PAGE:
Jeff Fortenberry: Mark These Wordsby Kyle Michaelis
Moul is a fine woman, a great Nebraskan, and I have no doubt she would have been a true asset to her state and her nation in Congress. That said, for all Moul's impressive qualifications and credentials, there was a spark missing from her campaign that led me to question in early October whether she was even in the race to win...or just to mobilize the Democratic base on Sen. Ben Nelson's behalf. That says a lot, although it pains me to make such suggestion now as much as it ever did.
In that post, I focused on the need to define incumbent Rep. Jeff Fortenberry as out-of-touch with the needs and interests of First District voters. But, as Election Day neared, what was truly lacking from Moul's message was the Nebraska-rooted, local flavor that should have been her greatest, most natural asset.
Voters did not know Moul when they cast their ballot. Hers was a cookie-cutter, paint-by-numbers, Democratic campaign in which both candidates were nothing more than stand-ins for dueling national political themes. In New York, Connecticut, even Pennsylvania, such may have had the makings of a winning campaign in the current political climate.....BUT NOT IN NEBRASKA, not by any stretch of the imagination.
Of course, I don't envy the choices Moul and her campaign had to make. On both immigration and the war in Iraq, it seemed there were pressures to adopt ill-fitting messages to fall in line with and not be a liability to Sen. Nelson's reelection. That robbed Moul of two powerful issues on which she might have really defined herself, perhaps injecting her campaign with the passion and the personality it generally seemed to lack.
Taking the positions she did within the confines I perceived, Moul's only chance at victory would have been running as Ben Nelson in a dress, with Nelson completely embracing Moul's campaign as his own. But, a) that was never going to happen and b) that would have been a terrible betrayal of the principles, the intelligence, and the independence that made Moul such an attractive candidate to begin with.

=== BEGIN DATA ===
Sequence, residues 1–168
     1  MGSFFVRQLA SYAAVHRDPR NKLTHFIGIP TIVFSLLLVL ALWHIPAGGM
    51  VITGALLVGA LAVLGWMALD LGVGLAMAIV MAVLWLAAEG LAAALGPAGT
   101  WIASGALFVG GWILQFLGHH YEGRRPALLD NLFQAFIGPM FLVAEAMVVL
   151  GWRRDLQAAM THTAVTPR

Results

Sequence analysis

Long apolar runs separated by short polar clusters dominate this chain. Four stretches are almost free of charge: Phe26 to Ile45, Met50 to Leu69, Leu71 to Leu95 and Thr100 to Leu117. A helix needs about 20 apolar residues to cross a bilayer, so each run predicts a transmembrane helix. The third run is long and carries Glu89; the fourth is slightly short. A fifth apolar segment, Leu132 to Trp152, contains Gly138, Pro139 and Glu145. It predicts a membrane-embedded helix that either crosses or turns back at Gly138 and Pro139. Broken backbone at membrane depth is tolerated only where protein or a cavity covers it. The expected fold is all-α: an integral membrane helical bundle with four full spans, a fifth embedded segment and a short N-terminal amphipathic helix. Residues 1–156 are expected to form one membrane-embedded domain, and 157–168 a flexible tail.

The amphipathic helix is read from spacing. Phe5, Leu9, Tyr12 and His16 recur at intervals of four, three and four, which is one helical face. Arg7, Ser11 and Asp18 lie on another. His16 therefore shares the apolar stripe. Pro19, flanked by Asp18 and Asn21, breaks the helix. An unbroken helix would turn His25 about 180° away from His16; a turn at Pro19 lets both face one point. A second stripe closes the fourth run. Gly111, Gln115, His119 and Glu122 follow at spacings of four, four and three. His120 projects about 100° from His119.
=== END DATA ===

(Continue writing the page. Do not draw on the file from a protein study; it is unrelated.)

So, Moul lost. That doesn't bother me. Fortenberry was never going to be easy to defeat. As a first-termer in a do-nothing Congress, his record was thin but also generally inoffensive. Still, with Moul's margin of defeat after the resources she'd amassed and the prevailing mood of the general public, it's hard not to consider her campaign a flop, although I have nothing but respect and affection for the candidate herself.
That leaves us with at least another two years of Congressman Fortenberry, and I won't deny that it could be a whole lot more. Already laying the groundwork for such a possibility, Monday's Lincoln Journal-Star reports:
Fortenberry says he’s not deterred or discouraged by his sudden bump from the House majority into the minority in his second term.
“I’ve been trying to build relationships (across party lines) since I’ve been there,” he says. “Relationships build trust, and trust leads to common ground”....
The 1st District Republican congressman won his second term earlier this month by the largest margin in Nebraska’s three House races despite being matched against the best-known Democratic opponent.
Fortenberry defeated former Lt. Gov. Maxine Moul by 18 percentage points, winning 23 of 24 counties, all but Burt....
With members of the House considered to be most vulnerable in their first bid for re-election, Fortenberry’s big win more firmly established him politically. His predecessor, Doug Bereuter, served 13 terms....
While he may have won by a comfortable margin, Fortenberry says: “We had to fight for it considering the national environment.”
What was the message voters delivered in turning out Republican incumbents and establishing Democratic majorities in the House and Senate?
“I think the American people have told us they want inspired leadership independent of political party”...Fortenberry says.
If Fortenberry means what he says in the above article and truly works in the bipartisan fashion that Nebraska voters expect, demonstrating the true leadership and independence that Fortenberry failed to establish in his first term, he's going to be well-positioned to win future elections. But, if he hasn't learned such lessons and continues to serve his party before the people who elected him, the right Democratic candidate running a strong campaign is going to give Fortenberry a very hard time in 2008.
The people want "inspired leadership independent of political party." We hear you, Mr. Fortenberry, and we will be watching very closely to see that you've heard us.